4. In appeal, the learned Commissioner (Appeals) observed that the ownership of the said property at Louis Mansion, Mahim consisting of the buildings and the land appurtenant belong to the society only and not with the appellant. As per him the appellant has got limited re-development rights over the property as a result of entering into re-development agreement and it does not have exclusive bundle of rights associated with the ownership of the property i.e. right to posses, right to use and enjoy, right to manage, right to its income and right to alienate the said property. As per the learned Commissioner (Appeals) these rights are vested with the Society only and even the advertisement display agreement specified the appellant as the “developer” of the property and not “owner” of the property. Referring to the audit report, the learned Commissioner (Appeals) observes that the appellant was a developer instead of being owner. Therefore, the learned Commissioner (Appeals) came to finding that the appellant cannot be treated as “owner” for the purpose of annual let out value of the property, including land appurtenant for display of commercial advertisement on the compound boundary of the project at Louis Mansion, Mahim to DP and therefore, the income is to be charged under the head “Income from Other Sources”. Thus the learned Commissioner (Appeals) confirmed the order of the assessing officer in treating the hoarding charges of Rs.41,80,000 received from M/s Dezens Products under the head ‘Income from Other Sources’.

5. Before under section the learned counsel of the assessee submits that the appellant is the “owner” of the concerned property at Louis Mansion, bearing F.P. No. 1224-A of TPS-IV at Mahim, Mumbai. As per him, this is evident from a copy of conveyance agreement dated 1-4-2005, enclosed at page No. 73 to 86 of the paper book (P/B) filed. Therefore, it is stated that as the appellant is the “owner” of the concerned property, the cause for denial of deduction under section 24 of the Act is legally unjustified. In this regard reliance is placed by him on the decision in Niagara Hotels & Builders (P.) Ltd. v. CIT (2015) 60 taxmann.com 83 (Del) : 2015 TaxPub(DT) 1957 (Del-HC), Matru Ashish Co-operative Housing Society Ltd. v. ITO (2012)144 TTJ 446 (Mum) : 2011 TaxPub(DT) 2180 (Mum-Trib), Kohinoor Industrial Premises Co-operative Society Ltd. v. ITO (2018)173 ITD 263 (Mum) : 2018 TaxPub(DT) 6850 (Mum-Trib), Citi Centre Premises Co-op. Society Ltd. v. ITO [ITA No. 3029 & 3030/Mum/2018] : 2019 TaxPub(DT) 0945 (Mum-Trib) by SMC Bench, ITAT, Mumbai dated 1-2-2019.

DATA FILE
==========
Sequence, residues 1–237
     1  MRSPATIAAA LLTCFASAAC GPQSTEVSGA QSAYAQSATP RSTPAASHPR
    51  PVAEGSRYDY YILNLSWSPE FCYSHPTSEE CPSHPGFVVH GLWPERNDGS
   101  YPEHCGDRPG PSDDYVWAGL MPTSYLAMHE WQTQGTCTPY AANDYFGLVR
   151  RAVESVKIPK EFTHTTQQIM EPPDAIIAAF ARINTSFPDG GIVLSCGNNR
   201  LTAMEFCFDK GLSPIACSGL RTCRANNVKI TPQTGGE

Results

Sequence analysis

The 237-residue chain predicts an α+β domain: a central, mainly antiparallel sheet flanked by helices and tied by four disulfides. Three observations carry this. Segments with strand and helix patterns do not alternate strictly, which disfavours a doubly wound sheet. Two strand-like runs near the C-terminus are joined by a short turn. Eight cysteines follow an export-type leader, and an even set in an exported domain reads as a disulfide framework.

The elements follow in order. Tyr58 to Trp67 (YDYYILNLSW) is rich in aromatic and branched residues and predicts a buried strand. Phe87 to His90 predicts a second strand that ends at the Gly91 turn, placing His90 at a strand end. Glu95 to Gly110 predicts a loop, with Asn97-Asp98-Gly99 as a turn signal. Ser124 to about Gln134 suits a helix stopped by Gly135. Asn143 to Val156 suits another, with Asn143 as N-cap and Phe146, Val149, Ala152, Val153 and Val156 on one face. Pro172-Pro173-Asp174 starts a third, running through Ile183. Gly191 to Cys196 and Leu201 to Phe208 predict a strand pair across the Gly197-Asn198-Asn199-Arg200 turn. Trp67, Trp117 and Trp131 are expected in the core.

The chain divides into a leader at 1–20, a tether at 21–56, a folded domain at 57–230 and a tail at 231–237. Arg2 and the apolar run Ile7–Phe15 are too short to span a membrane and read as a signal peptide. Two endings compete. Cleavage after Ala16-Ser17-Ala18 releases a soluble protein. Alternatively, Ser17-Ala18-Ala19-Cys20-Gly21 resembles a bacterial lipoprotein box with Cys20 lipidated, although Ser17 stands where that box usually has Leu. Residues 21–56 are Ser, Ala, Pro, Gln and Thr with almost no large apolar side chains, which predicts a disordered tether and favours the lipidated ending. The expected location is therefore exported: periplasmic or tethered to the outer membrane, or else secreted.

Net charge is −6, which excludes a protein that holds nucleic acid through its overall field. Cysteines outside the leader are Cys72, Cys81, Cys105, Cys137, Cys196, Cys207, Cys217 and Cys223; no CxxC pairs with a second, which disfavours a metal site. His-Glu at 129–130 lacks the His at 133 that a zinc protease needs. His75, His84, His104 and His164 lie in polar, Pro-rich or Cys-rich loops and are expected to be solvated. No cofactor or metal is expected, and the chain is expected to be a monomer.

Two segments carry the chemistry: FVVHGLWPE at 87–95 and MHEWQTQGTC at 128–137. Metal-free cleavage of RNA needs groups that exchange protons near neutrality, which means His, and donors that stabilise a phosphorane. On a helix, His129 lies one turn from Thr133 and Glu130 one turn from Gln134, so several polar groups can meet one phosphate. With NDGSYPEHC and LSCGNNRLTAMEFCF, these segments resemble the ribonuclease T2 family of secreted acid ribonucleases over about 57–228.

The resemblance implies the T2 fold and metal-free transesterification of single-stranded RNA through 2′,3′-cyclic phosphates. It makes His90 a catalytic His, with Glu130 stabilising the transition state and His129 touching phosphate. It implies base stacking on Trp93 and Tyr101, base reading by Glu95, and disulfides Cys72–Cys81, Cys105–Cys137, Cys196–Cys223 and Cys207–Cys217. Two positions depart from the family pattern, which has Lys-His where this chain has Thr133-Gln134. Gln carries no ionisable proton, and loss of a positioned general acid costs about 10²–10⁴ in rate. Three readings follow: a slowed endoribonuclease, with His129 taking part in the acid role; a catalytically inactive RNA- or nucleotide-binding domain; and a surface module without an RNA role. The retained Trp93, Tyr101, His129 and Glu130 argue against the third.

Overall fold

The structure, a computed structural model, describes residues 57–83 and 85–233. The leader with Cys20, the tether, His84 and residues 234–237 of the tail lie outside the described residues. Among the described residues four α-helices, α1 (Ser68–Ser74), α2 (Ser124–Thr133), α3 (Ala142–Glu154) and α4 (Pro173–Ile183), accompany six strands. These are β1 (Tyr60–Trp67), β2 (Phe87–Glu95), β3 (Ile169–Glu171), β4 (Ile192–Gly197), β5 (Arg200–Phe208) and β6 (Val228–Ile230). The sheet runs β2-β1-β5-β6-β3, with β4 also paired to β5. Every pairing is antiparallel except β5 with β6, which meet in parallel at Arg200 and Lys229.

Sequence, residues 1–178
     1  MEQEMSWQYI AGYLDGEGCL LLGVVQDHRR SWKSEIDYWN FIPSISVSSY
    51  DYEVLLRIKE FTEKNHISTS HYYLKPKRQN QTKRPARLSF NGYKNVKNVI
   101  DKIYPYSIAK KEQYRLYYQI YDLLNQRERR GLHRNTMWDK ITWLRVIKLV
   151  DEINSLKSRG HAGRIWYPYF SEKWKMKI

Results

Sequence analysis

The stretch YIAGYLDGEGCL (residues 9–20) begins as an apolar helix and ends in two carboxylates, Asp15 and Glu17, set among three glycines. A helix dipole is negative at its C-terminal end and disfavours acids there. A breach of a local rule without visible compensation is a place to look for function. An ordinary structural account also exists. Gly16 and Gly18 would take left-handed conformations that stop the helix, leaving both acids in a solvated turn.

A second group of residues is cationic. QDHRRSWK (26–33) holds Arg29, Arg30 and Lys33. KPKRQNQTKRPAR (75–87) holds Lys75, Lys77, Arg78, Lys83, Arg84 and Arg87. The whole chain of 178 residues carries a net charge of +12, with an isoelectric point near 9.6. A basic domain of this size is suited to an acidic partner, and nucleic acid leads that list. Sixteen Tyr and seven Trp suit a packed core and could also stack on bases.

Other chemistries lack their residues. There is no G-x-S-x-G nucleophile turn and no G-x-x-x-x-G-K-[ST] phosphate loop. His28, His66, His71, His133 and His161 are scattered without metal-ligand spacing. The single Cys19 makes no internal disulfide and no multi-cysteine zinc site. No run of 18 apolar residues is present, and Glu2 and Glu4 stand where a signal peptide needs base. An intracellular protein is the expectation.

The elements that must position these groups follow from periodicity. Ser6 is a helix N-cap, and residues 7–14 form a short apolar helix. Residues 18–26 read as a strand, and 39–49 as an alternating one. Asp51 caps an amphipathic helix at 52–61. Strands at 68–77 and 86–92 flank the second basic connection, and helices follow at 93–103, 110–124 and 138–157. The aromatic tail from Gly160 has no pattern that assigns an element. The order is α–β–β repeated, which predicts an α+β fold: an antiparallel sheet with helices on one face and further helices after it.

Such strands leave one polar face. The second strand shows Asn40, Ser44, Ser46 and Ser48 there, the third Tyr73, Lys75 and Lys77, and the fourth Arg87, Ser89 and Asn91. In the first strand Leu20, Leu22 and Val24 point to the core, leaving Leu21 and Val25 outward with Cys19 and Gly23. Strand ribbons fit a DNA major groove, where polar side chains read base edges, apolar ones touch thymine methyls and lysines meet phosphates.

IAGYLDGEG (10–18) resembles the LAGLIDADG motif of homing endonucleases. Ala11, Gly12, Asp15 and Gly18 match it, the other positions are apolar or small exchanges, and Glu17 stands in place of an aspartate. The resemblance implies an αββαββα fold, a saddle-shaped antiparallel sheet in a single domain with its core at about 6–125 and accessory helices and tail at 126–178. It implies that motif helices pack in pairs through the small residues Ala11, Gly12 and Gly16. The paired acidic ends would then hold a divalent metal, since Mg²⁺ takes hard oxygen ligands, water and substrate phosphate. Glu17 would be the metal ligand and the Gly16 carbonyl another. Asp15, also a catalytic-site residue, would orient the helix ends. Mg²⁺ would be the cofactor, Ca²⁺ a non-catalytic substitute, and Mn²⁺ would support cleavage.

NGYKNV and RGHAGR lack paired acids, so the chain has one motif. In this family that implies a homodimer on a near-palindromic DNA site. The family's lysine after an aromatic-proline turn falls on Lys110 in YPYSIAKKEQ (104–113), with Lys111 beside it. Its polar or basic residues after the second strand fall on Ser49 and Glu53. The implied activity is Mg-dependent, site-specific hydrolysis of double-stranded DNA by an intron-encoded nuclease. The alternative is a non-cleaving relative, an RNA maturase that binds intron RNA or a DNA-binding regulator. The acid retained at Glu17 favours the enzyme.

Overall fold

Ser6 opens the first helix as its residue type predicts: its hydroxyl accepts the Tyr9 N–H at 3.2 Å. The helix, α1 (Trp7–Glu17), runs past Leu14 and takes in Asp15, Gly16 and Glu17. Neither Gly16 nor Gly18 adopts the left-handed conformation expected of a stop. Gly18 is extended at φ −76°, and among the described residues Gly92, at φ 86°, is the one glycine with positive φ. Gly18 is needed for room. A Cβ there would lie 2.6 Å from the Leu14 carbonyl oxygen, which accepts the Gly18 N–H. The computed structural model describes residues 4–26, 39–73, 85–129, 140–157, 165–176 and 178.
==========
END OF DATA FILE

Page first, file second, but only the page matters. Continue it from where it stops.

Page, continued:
6. On the other hand, the learned DR submits that the assessee did not let out any building or land appurtenant thereto to the lessee but only provided some space of land to erect a G.I. Sheet for displaying advertisement/hoarding. Referring to the fact that the assessee received hoarding charges of Rs.41,80,000 from DP for advertising display on boundary walls only, the learned DR submits that the learned Commissioner (Appeals) has rightly confirmed the same as income from other sources.

7. We have heard the rival submissions and perused the relevant materials on record. The reasons for our decision are given below.

A perusal of the conveyance agreement dated 1-4-2005 (page 73 to 86) of the P/B filed by assessee clearly indicates that the appellant is the “owner” of the concerned property at Louis Mansion, bearing F.P. No. 1224-A of TPS-IV at Mahim, Mumbai. The above documents were also filed before the assessing officer. The appellant had obtained development rights of the re-development project at Louis Mansion, Mahim and therefore, is the owner of the re-development rights of the said society. The provisions of section 22 of the Act, defining income from house property reads as under:

“22. The annual value of property consisting of any building or lands appurtenant thereto of which the assessee is the owner, other than such portions of such property as he may occupy for the purpose of any business or profession carried on by him the profits of which are chargeable to income-tax, shall be chargeable to income-tax under the head “Income from house property”.

In the case of Niagara Hotels & Builders (P.) Ltd. (supra), the assessee company was absolute owner of a terrace floor. It entered into an agreement with a telecom company and gave said floor on license as space for mounting tower and antenna. The assessee claimed the amount of license fee as ‘Income from House Property’. The assessing officer opined that since the property was reflected as ‘commercial asset’, income derived there from was to be assessed as business income. The Hon’ble High Court held that :

“The crucial test was as to whether the letting out has a definite nexus with the business of the assessee. In the opinion of instant court the approach of both the assessing officer and the Tribunal in the case at hand has been totally misdirected. Wrong classification of the licensed space in the books of account as stock-in-trade cannot change the character of the transaction concerning its eventual exploitation. The use of the expression ‘leave and license’ in the agreement entered with ‘A’ Ltd. (Telecommunication) may be debatable. The fact remains that the use of the terrace floor has been handed over to the licensee not only for setting up the tower/mast on which antenna was to be mounted but also for construction of a room where the watch/ward staff can be stationed and space used for storage purposes.”

Similar view has been taken in the order of the Tribunal in the case of Matru Ashish Co-operative Housing Society Ltd. (supra), Kohinoor Industrial Premises Co-operative Society Ltd. (supra), Citi Centre Premises Co-op. Society Ltd. (supra).

As the appellant in the instant case is the “owner” of the concerned property at Louis Mansion at Mahim, Mumbai as evident from the conveyance agreement dated 1-4-2005, following the ratio laid down in Niagara Hotels & Builders (P.) Ltd. (supra), we hold the rental income of Rs.41,80,000 received from M/s Dezens Products as income from house property and direct the assessing officer to allow deduction under section 24 of the Act.

8. In the result, the appeal is allowed.